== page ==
County backs Martinsburg's TIF district plan


MARTINSBURG, W.Va. - Another piece of what has been a challenging financial puzzle for building a second north-south route through Martinsburg to alleviate traffic congestion appears to be falling into place.

Reaffirming prior support of the proposed Raleigh Street extension, the Berkeley County Commission on Thursday endorsed a plan by the City of Martinsburg to channel tax money generated from development near the road project to help pay for the road construction itself.

The Commission's approval of the city's plan to create a Tax Increment Financing (TIF) district - comprised of 37 pieces of property in northern Martinsburg - was required because four of the parcels are not annexed into the city, officials said.

"I think this merits a lot of gain for the city of Martinsburg as well as the county," said Commission President Steven C. Teufel.


The revenue stream to help pay for the road's construction, along with other roads and utility needs in the TIF district proposed still requires approval from the West Virginia Development Office in Charleston.

Attorney Taunja Willis-Miller told commissioners that the state had 60 days to consider the city's request.

As proposed, bonds would be issued to help pay for the "Raleigh Street Extension," along with improvements to other roads in the TIF district, (Lutz Avenue, Meridian Parkway, Court House Drive and Forbes Drive) and water, sewer and other utility needs for development.

The additional tax money generated by development in the city's TIF district would be committed to paying off up to $20 million in bonds issued for the work. The city currently is proposing an issue of $14,250,000 in bonds.

When combined with a little more than $29 million in anticipated or committed state and federal money, the TIF revenue is expected to close the funding gap for the Raleigh Street Extension, City Manager Mark Baldwin said Thursday after the commission meeting.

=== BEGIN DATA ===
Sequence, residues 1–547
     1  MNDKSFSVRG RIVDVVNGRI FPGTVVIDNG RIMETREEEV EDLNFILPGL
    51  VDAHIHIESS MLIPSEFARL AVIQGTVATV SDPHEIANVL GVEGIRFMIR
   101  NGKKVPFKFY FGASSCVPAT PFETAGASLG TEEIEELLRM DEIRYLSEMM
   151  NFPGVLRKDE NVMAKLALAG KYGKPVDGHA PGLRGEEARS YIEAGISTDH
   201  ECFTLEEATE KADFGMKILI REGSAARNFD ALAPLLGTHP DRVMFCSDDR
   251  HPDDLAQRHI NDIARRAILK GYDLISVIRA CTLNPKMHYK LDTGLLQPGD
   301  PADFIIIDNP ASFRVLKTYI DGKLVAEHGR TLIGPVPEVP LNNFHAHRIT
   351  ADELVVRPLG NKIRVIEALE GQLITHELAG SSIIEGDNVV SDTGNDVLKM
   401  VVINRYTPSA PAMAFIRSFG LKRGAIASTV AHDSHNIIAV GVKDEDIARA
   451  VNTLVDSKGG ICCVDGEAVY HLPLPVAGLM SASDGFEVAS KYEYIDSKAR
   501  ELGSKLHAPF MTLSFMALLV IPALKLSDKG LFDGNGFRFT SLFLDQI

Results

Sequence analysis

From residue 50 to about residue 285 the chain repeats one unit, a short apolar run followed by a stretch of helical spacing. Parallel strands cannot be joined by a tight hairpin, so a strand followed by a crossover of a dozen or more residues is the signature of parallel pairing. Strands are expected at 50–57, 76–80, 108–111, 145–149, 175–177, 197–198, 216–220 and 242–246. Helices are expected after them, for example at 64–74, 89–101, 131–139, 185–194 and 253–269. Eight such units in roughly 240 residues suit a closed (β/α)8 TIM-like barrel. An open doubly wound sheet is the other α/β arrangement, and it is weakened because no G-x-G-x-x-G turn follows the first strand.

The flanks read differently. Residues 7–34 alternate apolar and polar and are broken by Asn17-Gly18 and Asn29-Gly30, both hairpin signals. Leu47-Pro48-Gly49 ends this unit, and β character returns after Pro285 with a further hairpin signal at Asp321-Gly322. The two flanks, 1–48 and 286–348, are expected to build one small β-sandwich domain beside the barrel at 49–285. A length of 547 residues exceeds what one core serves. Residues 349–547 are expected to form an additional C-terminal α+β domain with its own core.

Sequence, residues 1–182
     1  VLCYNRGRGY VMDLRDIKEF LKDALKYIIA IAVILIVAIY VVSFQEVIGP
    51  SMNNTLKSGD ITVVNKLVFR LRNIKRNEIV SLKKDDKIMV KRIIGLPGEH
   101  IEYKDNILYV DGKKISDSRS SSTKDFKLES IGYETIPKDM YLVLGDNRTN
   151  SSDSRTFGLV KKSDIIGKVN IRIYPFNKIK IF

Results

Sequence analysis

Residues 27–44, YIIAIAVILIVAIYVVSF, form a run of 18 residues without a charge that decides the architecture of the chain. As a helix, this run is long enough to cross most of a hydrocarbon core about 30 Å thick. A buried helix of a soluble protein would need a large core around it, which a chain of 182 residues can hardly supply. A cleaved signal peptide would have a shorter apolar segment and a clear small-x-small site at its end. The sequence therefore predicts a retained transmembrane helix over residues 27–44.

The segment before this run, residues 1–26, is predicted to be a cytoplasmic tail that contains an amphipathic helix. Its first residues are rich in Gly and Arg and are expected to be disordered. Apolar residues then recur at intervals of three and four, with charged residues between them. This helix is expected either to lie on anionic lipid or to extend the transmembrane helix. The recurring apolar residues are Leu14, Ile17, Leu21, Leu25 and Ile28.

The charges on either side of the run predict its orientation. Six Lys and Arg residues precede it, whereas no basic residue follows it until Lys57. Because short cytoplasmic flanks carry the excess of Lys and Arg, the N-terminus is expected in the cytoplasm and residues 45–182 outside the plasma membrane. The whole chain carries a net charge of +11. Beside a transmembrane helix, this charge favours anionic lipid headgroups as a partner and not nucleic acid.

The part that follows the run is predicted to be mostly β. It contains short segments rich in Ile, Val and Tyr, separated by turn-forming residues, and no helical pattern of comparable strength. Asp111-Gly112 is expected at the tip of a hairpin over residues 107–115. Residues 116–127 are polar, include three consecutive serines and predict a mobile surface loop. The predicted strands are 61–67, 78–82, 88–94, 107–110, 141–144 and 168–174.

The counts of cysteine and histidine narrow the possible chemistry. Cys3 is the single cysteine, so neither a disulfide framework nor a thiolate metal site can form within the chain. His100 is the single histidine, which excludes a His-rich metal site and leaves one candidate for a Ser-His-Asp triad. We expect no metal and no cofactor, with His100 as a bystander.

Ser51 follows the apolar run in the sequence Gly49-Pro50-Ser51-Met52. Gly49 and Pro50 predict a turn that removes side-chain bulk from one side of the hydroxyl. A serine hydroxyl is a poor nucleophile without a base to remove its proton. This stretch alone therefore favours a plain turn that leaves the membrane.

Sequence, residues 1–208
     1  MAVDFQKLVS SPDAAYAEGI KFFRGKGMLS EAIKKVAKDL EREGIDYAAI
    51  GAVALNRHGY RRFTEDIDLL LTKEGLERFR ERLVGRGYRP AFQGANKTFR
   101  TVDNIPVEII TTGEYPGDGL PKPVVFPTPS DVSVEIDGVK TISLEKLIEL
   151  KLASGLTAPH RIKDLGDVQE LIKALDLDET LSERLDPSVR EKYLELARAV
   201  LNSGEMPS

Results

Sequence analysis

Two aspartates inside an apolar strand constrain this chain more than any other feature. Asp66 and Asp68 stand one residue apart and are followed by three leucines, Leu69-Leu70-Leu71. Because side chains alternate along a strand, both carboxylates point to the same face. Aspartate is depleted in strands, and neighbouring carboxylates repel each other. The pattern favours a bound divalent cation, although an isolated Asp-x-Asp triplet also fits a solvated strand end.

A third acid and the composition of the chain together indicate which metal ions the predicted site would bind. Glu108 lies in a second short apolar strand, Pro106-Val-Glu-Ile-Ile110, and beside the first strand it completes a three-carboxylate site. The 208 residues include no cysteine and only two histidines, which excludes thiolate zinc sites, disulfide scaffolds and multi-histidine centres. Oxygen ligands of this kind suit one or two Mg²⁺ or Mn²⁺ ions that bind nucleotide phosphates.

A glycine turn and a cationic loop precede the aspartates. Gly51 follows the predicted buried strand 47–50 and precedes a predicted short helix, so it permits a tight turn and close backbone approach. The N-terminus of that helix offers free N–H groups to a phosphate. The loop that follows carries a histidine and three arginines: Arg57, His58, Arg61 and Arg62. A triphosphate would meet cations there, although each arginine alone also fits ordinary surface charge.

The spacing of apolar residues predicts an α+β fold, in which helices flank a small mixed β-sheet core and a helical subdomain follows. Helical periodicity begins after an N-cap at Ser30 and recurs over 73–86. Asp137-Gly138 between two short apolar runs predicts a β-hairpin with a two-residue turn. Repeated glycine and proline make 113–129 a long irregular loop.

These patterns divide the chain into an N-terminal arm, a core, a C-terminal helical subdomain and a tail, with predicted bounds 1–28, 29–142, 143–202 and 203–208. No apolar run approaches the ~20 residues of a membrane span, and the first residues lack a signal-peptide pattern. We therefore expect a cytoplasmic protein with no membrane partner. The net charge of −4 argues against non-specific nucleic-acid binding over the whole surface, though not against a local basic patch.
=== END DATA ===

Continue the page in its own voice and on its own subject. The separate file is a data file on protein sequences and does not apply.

The 1.2-mile road is projected to cost $32.5 million, according to the latest estimates Baldwin had available.

Earlier this month, Baldwin said the West Virginia Division of Highways gave an engineering firm "notice to proceed" with design work for the extension. That phase is expected to take about one year, Baldwin said.

The concept for the extension includes upgrades to traffic signals at Raleigh Street's intersections in downtown, bridges over two railroad company's lines that pass through the city, Baldwin said. Portions of the extension are expected to be two and three lanes, with the possibility of additional turn lanes at the junction with Edwin Miller Boulevard. Built as a 25 mph street, officials expect it to improve emergency response as well as alleviate notorious congestion along North Queen Street.

Developer Thomas L. Burke said the TIF district would be a boon to the Meridian Pointe development, a 54-acre project that he has billed as a new northern gateway for the city.

Ground has been broken for a 70,000-square-foot building that is part of the development, which aims to lure tenants looking for Class A office space to a part of the city that "shows the greatest promise for (non-retail) commercial development," Burke said.

"The north end of Martinsburg is fast becoming the city's financial district," Burke said.

Mayor George Karos on Thursday thanked the county commissioners for their past and continued support, including the pending transfer of federal money authorized for the Martinsburg bypass project to the Raleigh Street Extension.

"Without that $13 million, we wouldn't be where we are today," Karos said.

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